bikeclimbsailwrote a review of AlpineAire Cheese Enchilada Ranchero on January 27, 2019
Familiarity: I've used it several times
This might be my favorite backpacking meal. Tons of protein and calories, and tastes epic.
Invalid email or password. Please try again.
I really like to do stuff. I do as much stuff as I can. Also, I have a dog. She likes to do stuff, too.
This might be my favorite backpacking meal. Tons of protein and calories, and tastes epic.
I'm pretty annoyed with myself that I spent almost $100 on a faux leather lululemon bag that isn't as functional as this. The cross body strap is comfortable with decent padding, and I really like the internal water bottle/coffee mug holder, which keeps my drippy travel mug from ruining all my stuff. Plus it's big enough for me to bring home mountains of paperwork and my gym clothes.
The size chart says "US men's size," but the socks are women's... if I wear a size 9 (women's 9) what size should I buy?
This is my absolute favorite luxury backpacking item. It's tiny, weighs only a few ounces, and is super comfortable. The dual valve is awesome for packing up and quick inflating. The spandexy material makes it so much more comfortable than other inflatable pack pillows I've tried, which were less comfortable than just sleeping on my jacket. Can't recommend this enough, it's totally worth the cash.
I bought this bag because I was really stoked about the zipperless design and light weight. I took it to Mongolia and it was a fantastic bag for ger sleeping and wild camping, but it has a few drawbacks. I personally sleep on my side and tend to toss around. So if I curl up in the bag as it's designed, it's SO warm and cozy. BUT if I want to roll the other way, it's hard to get snuggled in. Also as someone who tosses and turns, I found the foot box sort of got tangled while the pad retainer stayed in place, meaning I'd eventually have to get out of the bag to untangle myself. So I fixed that by taking my pad out of the pad sleeve, but then my back was cold. All these issues wouldn't affect you IF you don't toss around and sleep either on one side or your back.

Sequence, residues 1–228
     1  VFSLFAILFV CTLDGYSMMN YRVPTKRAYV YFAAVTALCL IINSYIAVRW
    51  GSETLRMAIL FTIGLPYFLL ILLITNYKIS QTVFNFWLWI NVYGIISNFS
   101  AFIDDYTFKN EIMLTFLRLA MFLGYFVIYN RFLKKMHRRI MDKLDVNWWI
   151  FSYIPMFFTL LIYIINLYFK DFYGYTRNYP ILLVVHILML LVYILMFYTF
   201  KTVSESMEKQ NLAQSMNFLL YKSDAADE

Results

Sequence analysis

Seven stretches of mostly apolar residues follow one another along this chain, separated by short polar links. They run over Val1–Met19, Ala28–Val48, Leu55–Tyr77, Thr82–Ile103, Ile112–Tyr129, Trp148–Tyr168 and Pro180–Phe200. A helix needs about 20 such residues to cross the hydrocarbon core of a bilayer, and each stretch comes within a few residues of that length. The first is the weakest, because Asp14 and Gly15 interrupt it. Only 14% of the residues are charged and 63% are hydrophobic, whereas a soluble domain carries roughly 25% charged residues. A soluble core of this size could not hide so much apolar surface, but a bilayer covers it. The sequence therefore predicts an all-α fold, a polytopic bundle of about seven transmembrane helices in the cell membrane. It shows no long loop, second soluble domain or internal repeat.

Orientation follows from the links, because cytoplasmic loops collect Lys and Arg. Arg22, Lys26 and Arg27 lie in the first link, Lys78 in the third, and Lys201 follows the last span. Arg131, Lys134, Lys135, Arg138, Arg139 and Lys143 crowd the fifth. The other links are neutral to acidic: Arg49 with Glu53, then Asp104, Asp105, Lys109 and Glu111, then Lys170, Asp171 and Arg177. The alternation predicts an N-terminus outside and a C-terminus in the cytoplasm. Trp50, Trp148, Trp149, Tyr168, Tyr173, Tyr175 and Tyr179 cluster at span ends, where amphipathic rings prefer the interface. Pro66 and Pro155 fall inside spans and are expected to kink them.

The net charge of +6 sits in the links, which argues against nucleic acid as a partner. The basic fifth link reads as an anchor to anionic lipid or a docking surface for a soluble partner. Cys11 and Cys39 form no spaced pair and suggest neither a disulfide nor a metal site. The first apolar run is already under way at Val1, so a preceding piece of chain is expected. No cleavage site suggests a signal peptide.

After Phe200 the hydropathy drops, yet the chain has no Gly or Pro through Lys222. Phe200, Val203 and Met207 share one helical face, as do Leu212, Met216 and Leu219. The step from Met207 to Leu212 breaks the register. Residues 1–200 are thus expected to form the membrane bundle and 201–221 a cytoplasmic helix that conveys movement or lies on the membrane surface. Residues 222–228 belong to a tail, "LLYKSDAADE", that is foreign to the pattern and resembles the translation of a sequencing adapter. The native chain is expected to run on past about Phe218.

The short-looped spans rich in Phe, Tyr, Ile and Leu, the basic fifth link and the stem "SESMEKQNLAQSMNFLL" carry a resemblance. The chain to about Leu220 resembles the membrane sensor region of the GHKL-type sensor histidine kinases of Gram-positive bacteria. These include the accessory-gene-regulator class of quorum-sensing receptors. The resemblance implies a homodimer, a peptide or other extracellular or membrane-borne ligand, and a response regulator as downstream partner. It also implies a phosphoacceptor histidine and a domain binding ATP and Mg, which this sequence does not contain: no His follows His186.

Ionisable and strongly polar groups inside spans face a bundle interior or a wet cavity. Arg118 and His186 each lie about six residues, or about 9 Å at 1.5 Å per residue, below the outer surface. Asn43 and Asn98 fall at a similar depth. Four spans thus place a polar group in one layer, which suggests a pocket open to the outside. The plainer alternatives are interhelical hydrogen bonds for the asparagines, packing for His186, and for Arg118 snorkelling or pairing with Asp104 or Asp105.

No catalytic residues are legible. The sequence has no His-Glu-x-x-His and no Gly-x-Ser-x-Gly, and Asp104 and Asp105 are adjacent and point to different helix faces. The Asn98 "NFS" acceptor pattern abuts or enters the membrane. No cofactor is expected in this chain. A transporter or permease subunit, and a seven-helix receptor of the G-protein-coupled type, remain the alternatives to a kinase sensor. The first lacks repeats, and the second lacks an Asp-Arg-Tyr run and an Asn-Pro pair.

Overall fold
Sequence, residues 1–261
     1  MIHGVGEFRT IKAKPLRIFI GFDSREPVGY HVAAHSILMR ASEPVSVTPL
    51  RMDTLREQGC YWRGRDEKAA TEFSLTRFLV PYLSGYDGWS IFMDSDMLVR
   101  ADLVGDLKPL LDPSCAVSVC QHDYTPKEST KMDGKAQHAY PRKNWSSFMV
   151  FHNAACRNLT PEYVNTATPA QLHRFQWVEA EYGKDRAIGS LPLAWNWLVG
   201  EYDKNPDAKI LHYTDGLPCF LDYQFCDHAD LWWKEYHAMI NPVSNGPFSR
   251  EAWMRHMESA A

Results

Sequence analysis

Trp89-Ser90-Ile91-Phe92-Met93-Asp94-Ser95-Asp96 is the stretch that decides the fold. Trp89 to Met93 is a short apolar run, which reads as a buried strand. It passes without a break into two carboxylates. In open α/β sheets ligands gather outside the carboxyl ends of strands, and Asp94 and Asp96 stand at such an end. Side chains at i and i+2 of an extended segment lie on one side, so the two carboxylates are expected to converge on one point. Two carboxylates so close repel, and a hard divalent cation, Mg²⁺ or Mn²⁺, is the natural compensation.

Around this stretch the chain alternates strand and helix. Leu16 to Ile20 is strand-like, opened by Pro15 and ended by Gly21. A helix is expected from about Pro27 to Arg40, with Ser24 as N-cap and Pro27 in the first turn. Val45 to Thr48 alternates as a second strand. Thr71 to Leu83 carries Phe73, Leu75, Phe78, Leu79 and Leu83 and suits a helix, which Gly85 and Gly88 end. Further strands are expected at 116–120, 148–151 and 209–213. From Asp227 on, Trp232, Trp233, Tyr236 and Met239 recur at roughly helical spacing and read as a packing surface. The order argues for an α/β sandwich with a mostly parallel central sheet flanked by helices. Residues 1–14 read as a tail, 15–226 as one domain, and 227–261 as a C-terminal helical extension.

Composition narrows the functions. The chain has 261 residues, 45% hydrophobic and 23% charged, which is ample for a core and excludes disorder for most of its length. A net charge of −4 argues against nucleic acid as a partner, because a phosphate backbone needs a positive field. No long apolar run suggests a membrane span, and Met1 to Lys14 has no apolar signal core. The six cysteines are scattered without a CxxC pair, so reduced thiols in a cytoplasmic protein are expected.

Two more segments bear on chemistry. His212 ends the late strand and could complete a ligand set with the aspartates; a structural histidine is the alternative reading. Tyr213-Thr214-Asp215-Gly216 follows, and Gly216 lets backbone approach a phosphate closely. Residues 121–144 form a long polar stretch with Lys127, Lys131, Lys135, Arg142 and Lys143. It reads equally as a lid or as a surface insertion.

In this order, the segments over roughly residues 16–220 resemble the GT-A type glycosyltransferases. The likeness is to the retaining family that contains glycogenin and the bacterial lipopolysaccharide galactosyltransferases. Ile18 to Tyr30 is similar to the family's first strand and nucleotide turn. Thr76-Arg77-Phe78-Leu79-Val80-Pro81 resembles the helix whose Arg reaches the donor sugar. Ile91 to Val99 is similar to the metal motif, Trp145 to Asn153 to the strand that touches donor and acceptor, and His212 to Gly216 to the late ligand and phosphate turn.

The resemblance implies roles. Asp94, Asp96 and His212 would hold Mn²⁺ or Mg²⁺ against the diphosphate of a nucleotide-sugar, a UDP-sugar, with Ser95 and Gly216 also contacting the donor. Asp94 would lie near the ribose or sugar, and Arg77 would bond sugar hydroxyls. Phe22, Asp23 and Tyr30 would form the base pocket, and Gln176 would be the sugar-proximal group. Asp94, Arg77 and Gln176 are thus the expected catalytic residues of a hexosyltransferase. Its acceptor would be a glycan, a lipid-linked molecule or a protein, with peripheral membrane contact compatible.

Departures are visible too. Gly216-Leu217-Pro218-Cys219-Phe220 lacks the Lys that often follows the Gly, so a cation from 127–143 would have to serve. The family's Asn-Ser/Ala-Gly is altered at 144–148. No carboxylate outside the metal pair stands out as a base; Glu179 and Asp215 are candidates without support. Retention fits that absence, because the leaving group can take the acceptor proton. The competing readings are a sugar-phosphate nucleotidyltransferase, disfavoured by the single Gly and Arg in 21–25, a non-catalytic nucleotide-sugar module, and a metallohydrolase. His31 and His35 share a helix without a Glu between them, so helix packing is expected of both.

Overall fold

Like everyone else has said, the metal is too soft. They're definitely an upgrade from the tiny, useless "stakes" that came with my Big Agnes, but I've bent one just pushing it into hard ground (no rocks/roots). The good thing was, it bent right back. I'll use them because they're what I've got, but I'll always carry one or two backups, and I wouldn't buy them again.
Iâve had my jetboil for over 2 years now and itâs been pretty great; hot chocolate after skiing, coffee while backpacking. Iâve used it at least 100 times. The igniter finally bit it, which means I have to light it with a lighter, which isnât a huge deal, but it is a failure (and out of the warranty window). Strangely, it works in my kitchen (at 4500ft) but not on the trail (10k+). Also, the lid no longer seats on to the water vessel, and replacement lids arenât available. Iâm not sure Iâd buy one again, even though I donât have any real complaints. I do like the orange boil indicator, and the speed.
I didn't get this from backcountry, it was a gift. And a good gift!
Pros: Lightweight, easy to deflate. I've used it at least 30 times and no leaks, even after my dog has stepped on it with her claws. (Also, it's easy to clean off muddy paw prints) I'm a side sleeper with shoulder and back injuries and this has, by far, been the most comfortable sleep I've found while backpacking. It's a tight fit into the stuff sack, so I ditched that and just use the compression strap.
Cons: LOUD. I rolled over once and heard a friend in a nearby tent ask "was that thunder?" Rolling over has woken me up more than once. Also, it takes 40-50 breaths to inflate, so slightly annoying but not a dealbreaker.
I'm thinking I want to try this out on my rock skis before I commit to my expensive powder boards. So that said, if I core shot through this stuff, what does DPS recommend? Full stone grind and reapply, or is there some way to spot re-wax?
I purchased these boots two or three months before hiking the West Coast Trail in British Colombia. I hiked at least 30 miles in them (with and without pack) before embarking on my trip and had no issues with blisters or fit. I've bought other Salewa shoes before so I had high hopes for these boots.
Unfortunately, they didn't meet my expectations. As the terrain became more difficult (cambered sand, deep mud, tricky climbs) my feet became more blistered. By the end I had blisters on blisters (balls of both feet, most toes) and was doing minor surgery on my feet at night and spending a lot of time taping up in the morning. I got blisters through moleskin. I wore the same socks I've always worn with my hiking shoes (Wrightsocks).